I don’t know about you, but before I decided to take on my first leadership role, I agonized over it for months! I worried that as an engineer, the coding skills that I had taken years to learn and hone would get rusty.
And I wasn’t alone in worrying.
As I talked to designers, they told me they worried about their ability to design, while sales and marketing people worried about their ability to close.
Well, I’m just going to tell you the straight-up truth: your skills will get rusty.
But in today’s Build episode, Jean Hsu and I are going to teach you why it’s OK if they do!
Here’s what you’ll learn as you watch the episode:
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Poornima Vijayashanker: In the last episode, we talked about what it’s like to transition from being an individual contributor into a leader, and explored some tradeoffs. If you missed the episode, be sure to check it out in the link below this video. In today’s episode, we’re gonna talk about one of the major concerns people have that holds them back from doing the transition, which is the concern that their skills are gonna get rusty. So, stay tuned.
Welcome to Build, brought to you by Pivotal Tracker. I’m your host, Poornima Vijayashanker. In each episode, innovators and I debunk a number of myths and misconceptions related to building products, companies, and your career in tech. One myth that often holds us back from transitioning from being that individual contributor into a leader is the fear that we’re gonna get rusty when it comes to the skills that we’ve worked painstakingly hard to craft. If you’re an engineer, you’re gonna lose the ability to code. If you’re a designer, you lose the ability to design. And if you’re a salesperson or a marketer, you lose your ability to close. Well, in today’s episode, we’re gonna debunk that myth and more. And to help us out, Jean Hsu is back, who is an engineering leadership coach. She’s gonna help us dive into this myth.
Thanks again for joining us, Jean.
Jean Hsu: Thanks for having me again.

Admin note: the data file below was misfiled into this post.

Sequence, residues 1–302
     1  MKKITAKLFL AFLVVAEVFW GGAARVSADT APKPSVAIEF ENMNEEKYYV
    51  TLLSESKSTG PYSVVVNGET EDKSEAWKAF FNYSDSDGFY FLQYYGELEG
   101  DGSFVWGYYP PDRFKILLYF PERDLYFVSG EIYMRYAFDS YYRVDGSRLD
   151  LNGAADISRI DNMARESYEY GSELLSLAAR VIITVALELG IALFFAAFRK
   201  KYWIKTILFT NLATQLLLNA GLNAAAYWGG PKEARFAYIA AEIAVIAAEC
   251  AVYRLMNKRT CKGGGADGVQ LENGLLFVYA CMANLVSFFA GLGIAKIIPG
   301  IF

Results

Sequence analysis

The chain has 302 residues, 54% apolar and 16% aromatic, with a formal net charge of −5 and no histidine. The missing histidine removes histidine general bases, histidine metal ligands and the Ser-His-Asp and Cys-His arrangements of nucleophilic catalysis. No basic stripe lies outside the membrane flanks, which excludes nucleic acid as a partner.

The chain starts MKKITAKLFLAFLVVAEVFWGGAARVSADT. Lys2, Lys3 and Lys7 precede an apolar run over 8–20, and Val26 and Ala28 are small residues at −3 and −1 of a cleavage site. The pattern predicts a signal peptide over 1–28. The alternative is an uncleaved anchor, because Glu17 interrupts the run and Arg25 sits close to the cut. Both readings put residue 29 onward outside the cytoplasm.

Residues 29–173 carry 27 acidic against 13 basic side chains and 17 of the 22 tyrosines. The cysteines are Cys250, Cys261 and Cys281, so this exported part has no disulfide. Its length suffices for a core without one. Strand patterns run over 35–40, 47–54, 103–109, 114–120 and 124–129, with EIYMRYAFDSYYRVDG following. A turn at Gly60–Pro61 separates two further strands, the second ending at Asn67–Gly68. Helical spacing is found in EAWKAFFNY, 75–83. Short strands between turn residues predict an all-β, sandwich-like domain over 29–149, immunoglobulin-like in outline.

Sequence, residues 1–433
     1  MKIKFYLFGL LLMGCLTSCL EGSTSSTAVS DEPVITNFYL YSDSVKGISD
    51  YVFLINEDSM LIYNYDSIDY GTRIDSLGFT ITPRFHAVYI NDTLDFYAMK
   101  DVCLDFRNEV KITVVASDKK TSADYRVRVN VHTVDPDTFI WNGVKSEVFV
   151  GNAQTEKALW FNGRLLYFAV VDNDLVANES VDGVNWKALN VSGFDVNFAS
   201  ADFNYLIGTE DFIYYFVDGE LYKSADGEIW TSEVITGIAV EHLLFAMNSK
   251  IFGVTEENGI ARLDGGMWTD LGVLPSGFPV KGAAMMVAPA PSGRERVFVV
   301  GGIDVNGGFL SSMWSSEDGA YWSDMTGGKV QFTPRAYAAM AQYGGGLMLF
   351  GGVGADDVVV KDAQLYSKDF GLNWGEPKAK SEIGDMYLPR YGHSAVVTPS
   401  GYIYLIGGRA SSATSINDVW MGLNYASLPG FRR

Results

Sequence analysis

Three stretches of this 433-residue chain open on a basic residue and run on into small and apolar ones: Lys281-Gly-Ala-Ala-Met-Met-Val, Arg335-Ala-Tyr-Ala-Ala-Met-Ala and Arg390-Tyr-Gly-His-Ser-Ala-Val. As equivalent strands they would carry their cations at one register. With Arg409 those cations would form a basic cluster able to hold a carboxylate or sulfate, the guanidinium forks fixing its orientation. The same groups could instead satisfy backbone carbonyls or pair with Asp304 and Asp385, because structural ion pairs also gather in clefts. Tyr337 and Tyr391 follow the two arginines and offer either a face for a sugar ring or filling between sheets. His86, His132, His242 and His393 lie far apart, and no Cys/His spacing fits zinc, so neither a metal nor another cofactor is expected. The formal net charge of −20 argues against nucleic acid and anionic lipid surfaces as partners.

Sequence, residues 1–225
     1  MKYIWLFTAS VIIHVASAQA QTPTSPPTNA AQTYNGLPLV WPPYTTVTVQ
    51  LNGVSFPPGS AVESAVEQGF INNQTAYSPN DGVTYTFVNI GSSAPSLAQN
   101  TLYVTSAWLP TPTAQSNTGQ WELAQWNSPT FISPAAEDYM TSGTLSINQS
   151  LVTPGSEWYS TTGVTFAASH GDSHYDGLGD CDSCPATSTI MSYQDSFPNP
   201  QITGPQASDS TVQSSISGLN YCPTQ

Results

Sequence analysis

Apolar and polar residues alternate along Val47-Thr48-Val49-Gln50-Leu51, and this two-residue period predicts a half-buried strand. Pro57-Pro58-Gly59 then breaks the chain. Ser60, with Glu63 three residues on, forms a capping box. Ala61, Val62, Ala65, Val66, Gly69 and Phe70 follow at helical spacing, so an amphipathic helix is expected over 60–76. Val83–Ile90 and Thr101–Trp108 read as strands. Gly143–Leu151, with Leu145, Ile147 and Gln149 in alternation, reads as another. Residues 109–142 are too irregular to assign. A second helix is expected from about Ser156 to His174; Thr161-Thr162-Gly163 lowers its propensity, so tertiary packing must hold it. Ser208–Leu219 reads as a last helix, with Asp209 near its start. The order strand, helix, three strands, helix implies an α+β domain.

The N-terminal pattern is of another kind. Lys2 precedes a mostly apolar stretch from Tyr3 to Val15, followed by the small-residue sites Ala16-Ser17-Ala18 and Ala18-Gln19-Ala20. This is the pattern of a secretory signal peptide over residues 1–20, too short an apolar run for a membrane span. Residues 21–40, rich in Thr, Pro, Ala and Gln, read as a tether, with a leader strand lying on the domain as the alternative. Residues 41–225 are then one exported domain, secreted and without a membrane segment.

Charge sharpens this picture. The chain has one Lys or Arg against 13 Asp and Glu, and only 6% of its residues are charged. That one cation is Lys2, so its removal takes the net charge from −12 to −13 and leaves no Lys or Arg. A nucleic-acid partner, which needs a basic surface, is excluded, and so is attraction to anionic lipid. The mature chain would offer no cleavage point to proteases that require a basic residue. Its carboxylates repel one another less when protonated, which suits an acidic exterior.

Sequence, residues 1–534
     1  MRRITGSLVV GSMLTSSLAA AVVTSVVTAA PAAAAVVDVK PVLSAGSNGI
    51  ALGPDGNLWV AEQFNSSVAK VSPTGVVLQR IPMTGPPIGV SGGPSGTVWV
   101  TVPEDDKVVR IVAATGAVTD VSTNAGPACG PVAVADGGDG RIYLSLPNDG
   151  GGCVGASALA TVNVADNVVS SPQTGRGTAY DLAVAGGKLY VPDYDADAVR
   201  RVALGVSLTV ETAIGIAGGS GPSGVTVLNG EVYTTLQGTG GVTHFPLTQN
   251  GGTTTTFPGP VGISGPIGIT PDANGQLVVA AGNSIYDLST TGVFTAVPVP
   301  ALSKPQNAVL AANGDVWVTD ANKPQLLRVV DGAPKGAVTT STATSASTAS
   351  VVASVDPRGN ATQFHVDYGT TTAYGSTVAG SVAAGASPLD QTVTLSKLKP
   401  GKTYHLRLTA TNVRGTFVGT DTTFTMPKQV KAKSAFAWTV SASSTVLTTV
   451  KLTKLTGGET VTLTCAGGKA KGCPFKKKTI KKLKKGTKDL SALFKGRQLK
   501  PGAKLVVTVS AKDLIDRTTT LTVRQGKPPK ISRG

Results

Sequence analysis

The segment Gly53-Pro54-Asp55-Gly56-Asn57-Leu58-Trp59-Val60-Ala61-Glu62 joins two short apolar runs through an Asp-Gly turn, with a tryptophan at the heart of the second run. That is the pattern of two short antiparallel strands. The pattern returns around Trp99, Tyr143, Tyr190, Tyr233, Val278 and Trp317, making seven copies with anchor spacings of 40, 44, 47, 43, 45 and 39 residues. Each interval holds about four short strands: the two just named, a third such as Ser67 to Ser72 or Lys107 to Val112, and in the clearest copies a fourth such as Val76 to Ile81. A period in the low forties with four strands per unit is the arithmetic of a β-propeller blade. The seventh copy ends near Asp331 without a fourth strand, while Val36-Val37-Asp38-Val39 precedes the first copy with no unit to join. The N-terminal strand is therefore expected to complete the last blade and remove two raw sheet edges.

Poornima Vijayashanker: Yeah. Last time we talked about the benefits of going from being an individual contributor to a leader, especially in engineering. And not to shy away from it if we feel worried that we’re not capable of doing it. But I know another concern that people have is not about their capabilities of doing the future work or being a leader, but, “Oh my gosh. I’m no longer going to be capable of doing my current job,” whether that’s coding, designing, marketing, or so on. Why do you think people have this fear?
Jean Hsu: I think it’s something we touched on last time, which is they don’t see the path of the leadership role. So of course you’re going to hold onto what you know, which is the technical skills, the coding, all that stuff. A lot of the times when I have this conversation with people, what I say is, “As a coach what I’m gonna do is I’m gonna illuminate that other path, the leadership path.” And for most of the people I’m talking to, it’s not as much of a technical leadership path. It’s more of a people management path, which are both leadership paths. But part of my role is to illuminate that, so that they then…then the question is, implies that you don’t want those technical skills to get rusty, right?
Poornima Vijayashanker: Right.
Jean Hsu: Which I often feel like it’s a symptom of they’re not getting enough investment in seeing the rewards of stepping into a leadership role and having a more broader impact.
Poornima Vijayashanker: Yeah, or learning new skills.
Jean Hsu: Right, or learning new skills.
Poornima Vijayashanker: Yeah. Is this a legitimate fear, though? Do our skills become rusty as we go into a new leadership position or any new role?
Jean Hsu: I mean, for my technical skills, yeah for sure, they’re rusty. They’re definitely rusty because I’m not practicing them. I think you do have to get to a point where you feel comfortable with that. I definitely was at a point when I wasn’t comfortable with that, when I was in transition. I remember one morning, I woke up and my calendar was back-to-back, 9:00 to 5:30 filled with meetings. I pulled out my laptop and I opened up three pull requests, just delete code that I had found that was unused. It was like 15 minutes. I was like, “OK. Good. I’ve done something today.”